Well I’m back at work after a 5-day weekend. They closed the plant November 1 for All Saints day and then made an extended “ponte” to the weekend. It’s an attempt to save money at the end of the year.
I used this time to go on that trip to Norcia that I cancelled a few weeks ago. My trip started out with a rather uneventful train ride from Brindisi to Rome. The train was almost empty so I didn’t sit near any interesting people. By the time I arrived my neck was hurting from trying to see out the window. It was a beautiful bright sunny day but there was sinister wind blowing in from the North. The whole country has changed seasons in matter of hours. I walked around Rome on Thursday after finding a decent hotel. I think I’m addicted to walking in Rome. I went from the hotel near Termini to St. Peter’s in seemingly no time. The guards were closing the line for the “cupola” right before I got there, so I didn’t get to go up top of St. Peter’s and that’s always one of my favorite things to do in Rome. So I had to be happy with just going inside, but inside St. Peters it seems a lot more areas are roped off. I don’t want to go wherever I want but I was a little disappointed. That night I eat focaccia in a little place near the hotel. The owner and I chatted a little but he seemed preoccupied with whatever was going on outside. The hotel clerk recommended I check on the bus but I was confident there would be plenty of buses to Norcia, but I went to Tiburtina and checked at her recommendation. I was wrong. There was only one bus to Norcia at 7:30 AM and one bus back at 15:30. The bus didn’t go direct so it took 3 hours to get there. Ugh, I had to get up at 5:30 AM (on Thursday) to catch the train and now 6:00 AM (on Friday) to catch a bus. On vacation I like to sleep in, but I was on a mission.
Friday morning I worked like clockwork and I was at the bus station at 7:00 AM waiting with about 3 other people for the bus. Naturally all the other buses arrived, loaded, and started leaving but no bus to Norcia. Finally at 7:25 it arrived and everyone jumped on and off we went. The bus driver was a VERY chatty fellow. He talked constantly to a lady in the front seat. They were talking mainly about energy prices and taxes. Among other things, I was amazed to learn that he had 4 solar panels on his house and she had 5. No wonder they liked to talk about energy prices. At Terni he said we have a 10-minute break and then we’re off for Norcia. So you could imagine my surprise when in 10 minutes we left but with a new bus driver. I missed something there. Also at Terni a little old man got on and sat right behind me. He immediately started up a conversation. He wanted to tell me how the stainless steel they were producing there in Terni is the best in the world. We passed one amazing stone building that was part a company that produces huge steel shafts from what he said. I was a little sorry to see him get off shortly after we left town. Now the bus was almost quiet and the new driver didn’t talk at all. Instead he played with the radio even as the road twisted and turned tighter and tighter. He would be honking before a sharp turn, hitting buttons on the radio and turning all at the same time. You wanted to yell, just drive the bus! Then he stops about 10 km from Norcia, “get off here for Norcia” is basically want he yelled to all 6 of us on the bus. There was another smaller bus waiting and it took us the last bit.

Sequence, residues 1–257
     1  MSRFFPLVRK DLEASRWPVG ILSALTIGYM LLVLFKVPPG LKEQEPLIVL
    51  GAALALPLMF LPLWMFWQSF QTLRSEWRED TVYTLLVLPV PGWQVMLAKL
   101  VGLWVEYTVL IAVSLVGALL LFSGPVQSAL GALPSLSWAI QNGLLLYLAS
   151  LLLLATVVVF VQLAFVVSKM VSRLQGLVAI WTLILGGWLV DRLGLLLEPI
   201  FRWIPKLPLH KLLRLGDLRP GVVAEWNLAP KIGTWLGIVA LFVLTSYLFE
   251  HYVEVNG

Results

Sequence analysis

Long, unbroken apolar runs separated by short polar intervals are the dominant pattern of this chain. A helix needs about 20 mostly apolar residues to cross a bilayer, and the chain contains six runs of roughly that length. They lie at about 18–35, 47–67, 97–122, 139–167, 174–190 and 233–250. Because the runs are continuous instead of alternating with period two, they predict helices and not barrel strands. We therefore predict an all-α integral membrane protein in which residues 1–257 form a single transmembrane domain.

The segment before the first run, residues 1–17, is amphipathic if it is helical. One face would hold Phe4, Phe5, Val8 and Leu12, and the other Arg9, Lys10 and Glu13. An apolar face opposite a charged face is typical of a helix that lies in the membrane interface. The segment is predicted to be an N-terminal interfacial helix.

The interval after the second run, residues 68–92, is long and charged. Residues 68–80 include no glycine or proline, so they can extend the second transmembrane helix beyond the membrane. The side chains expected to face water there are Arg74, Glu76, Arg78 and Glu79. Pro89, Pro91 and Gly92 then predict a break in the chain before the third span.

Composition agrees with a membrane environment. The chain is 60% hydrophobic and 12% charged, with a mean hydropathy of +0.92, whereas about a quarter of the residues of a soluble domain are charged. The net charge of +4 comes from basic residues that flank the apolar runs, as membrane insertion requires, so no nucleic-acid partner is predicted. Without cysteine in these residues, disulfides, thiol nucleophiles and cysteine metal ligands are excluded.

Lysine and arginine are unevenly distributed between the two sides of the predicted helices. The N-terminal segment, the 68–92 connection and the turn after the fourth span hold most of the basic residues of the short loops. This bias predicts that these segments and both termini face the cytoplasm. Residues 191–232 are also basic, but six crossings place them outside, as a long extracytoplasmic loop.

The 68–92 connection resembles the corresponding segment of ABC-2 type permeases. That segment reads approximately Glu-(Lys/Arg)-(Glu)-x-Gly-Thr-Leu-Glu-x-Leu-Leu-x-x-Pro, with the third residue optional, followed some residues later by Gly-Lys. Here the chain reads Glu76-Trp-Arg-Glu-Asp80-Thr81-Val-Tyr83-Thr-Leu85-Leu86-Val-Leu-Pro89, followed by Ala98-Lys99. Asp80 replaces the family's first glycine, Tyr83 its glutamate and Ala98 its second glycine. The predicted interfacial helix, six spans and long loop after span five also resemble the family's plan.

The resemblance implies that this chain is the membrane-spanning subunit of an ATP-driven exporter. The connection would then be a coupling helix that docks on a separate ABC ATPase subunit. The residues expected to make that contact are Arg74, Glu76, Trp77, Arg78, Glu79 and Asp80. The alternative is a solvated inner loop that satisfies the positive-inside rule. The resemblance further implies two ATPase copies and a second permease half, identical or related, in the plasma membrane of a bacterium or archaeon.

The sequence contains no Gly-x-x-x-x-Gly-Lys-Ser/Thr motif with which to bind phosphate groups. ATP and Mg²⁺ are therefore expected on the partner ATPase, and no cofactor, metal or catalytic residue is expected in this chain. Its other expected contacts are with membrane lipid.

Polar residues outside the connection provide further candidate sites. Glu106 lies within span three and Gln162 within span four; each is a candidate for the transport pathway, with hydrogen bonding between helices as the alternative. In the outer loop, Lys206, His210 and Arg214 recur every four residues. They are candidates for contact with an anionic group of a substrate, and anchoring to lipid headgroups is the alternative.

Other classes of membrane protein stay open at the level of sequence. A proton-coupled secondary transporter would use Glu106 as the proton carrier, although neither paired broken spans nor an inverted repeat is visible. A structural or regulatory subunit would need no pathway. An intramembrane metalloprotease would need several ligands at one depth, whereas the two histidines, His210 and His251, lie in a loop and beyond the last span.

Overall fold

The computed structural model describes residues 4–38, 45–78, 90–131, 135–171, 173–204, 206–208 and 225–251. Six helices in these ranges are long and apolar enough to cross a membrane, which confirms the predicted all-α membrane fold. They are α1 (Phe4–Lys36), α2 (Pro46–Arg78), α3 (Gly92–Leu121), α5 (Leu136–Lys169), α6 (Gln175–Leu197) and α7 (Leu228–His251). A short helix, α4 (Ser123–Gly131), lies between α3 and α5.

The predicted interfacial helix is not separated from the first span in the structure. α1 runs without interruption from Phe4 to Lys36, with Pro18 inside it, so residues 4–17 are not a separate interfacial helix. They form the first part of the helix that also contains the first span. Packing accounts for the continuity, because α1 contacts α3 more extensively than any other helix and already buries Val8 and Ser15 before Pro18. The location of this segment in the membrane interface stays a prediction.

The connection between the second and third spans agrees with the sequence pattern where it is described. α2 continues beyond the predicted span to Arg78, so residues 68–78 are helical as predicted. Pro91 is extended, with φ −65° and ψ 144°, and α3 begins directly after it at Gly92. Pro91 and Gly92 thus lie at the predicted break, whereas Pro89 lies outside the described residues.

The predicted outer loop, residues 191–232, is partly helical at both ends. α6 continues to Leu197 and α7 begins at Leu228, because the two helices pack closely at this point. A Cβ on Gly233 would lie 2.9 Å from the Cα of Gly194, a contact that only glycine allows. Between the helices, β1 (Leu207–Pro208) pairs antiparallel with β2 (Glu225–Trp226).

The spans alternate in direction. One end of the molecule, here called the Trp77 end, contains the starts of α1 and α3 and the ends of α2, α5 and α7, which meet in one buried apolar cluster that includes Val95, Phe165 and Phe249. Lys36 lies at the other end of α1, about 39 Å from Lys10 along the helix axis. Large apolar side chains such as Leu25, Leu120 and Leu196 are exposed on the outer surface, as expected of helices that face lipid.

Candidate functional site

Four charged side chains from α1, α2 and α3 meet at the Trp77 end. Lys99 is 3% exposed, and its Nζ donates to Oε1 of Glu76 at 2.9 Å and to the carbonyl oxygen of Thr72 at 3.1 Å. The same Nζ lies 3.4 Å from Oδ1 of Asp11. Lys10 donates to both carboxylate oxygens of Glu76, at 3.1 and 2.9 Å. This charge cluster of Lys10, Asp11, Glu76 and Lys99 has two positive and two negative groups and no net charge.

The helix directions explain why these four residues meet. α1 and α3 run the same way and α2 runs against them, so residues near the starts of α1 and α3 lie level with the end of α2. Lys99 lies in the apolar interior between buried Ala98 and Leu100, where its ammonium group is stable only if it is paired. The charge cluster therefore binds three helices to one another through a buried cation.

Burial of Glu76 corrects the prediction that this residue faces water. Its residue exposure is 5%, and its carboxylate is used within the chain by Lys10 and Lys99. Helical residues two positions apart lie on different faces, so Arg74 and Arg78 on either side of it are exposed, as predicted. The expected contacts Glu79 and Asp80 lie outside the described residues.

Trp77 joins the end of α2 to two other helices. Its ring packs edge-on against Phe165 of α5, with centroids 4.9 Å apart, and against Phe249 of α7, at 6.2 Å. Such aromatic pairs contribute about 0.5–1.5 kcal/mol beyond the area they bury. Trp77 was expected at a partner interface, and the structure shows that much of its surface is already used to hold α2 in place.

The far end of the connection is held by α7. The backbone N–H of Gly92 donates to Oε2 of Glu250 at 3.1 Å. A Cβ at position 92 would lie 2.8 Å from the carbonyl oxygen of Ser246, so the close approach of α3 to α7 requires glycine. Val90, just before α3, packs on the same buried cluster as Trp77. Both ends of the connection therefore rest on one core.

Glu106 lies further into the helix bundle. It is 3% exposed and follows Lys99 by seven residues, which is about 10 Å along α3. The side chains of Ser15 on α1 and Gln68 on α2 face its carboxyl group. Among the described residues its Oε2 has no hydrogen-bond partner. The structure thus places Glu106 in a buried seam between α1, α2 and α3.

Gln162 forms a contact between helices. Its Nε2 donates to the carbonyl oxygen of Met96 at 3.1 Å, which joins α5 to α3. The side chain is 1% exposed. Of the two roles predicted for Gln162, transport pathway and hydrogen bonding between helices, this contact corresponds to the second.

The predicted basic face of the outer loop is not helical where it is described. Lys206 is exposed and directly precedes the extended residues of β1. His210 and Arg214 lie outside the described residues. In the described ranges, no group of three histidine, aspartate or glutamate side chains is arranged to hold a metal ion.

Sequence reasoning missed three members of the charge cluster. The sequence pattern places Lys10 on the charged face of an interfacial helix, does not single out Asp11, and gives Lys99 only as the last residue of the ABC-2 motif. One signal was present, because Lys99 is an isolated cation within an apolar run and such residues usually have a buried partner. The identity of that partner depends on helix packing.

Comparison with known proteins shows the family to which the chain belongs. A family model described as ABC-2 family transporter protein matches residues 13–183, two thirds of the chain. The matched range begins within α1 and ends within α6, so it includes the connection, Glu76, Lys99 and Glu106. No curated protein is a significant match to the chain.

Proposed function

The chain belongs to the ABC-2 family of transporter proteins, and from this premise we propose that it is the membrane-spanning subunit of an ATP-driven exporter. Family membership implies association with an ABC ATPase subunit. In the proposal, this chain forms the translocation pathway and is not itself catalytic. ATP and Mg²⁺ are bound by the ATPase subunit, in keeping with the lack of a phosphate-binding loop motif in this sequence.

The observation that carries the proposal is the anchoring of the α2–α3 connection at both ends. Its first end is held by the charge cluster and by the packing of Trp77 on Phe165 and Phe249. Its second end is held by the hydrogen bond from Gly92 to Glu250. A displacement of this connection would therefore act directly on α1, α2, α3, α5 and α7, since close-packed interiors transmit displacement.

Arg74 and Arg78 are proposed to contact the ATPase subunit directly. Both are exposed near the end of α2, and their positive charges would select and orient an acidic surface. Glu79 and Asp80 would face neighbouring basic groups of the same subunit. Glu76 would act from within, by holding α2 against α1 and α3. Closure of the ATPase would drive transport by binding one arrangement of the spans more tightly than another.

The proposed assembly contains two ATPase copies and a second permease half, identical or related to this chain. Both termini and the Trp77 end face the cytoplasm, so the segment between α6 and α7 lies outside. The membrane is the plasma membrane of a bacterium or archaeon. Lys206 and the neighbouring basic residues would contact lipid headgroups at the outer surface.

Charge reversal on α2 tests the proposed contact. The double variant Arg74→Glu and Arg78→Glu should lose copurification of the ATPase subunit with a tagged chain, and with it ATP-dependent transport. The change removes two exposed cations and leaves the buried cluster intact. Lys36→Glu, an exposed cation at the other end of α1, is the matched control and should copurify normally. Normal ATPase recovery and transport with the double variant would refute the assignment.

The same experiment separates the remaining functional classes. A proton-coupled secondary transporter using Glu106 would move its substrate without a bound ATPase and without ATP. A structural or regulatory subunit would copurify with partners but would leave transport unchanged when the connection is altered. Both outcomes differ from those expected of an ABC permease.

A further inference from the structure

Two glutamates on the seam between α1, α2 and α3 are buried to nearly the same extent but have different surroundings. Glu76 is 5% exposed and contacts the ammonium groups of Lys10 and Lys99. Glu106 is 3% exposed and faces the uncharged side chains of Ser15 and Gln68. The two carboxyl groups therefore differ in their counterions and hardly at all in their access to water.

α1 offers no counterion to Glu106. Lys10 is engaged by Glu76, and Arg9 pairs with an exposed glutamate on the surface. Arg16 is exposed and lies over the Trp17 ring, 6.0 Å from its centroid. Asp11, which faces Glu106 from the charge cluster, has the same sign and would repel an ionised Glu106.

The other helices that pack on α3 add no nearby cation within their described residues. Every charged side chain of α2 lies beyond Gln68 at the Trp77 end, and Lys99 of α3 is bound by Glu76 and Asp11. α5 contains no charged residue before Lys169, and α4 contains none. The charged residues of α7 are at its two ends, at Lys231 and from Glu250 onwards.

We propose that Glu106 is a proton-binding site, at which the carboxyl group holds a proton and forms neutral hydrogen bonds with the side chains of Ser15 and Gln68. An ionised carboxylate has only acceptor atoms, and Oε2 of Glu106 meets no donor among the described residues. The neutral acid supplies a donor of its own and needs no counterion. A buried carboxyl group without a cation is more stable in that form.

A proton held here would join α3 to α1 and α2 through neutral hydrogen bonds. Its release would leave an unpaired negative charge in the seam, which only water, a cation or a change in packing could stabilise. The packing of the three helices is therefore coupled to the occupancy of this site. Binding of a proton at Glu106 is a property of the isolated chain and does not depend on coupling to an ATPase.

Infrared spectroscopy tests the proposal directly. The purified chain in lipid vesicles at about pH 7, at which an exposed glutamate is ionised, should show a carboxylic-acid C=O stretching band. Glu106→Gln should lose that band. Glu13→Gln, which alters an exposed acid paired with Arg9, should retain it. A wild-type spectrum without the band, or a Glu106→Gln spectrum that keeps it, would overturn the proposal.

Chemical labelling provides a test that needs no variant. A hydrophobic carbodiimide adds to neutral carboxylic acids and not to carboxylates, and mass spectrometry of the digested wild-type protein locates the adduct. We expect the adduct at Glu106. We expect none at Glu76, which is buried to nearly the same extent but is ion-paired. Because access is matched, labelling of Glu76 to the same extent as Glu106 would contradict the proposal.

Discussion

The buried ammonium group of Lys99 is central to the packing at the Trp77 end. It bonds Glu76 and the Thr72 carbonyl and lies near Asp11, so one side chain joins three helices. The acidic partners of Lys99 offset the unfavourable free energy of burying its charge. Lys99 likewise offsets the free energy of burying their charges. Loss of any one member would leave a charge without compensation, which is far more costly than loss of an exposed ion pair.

Norcia was almost exactly like I expected. The wall around the town is still completely encircling the historic center and there are only a few buildings outside this wall. Strolling down the main street is amazing. The cold wind brought the smell of wood fires and salumi. Norcia is famous for it’s salumi made from wild pigs and also for truffles. I stopped in the first store I saw, excited to tell anyone about my connection with the town. The butcher was interested and agreed that the Ottaviani’s were an important family in the town. I walked out proud of my heritage and with two nice salumi from Norcia. I saw the monument in town to the fallen soldiers of WWI and WWII. Sure enough there was an Ottaviani, Stanchetti and Carucci. All names I remember from huge holiday parties of the past. I had lunch next door to the monument at a restaurant called “La Locanda del Teatro” (the theater was across the street). I had a lunch based completely on the famous local wild pig and it was good. No fish dishes this far inland! Then I wandered around the town staying in the sun, where it was warm. Luckily, I could wait for the bus in the sun or I would have a cold right now. Finally I have seen my Italian origins. There are a lot of other observations but this is getting long so maybe I’ll make rest another post another day.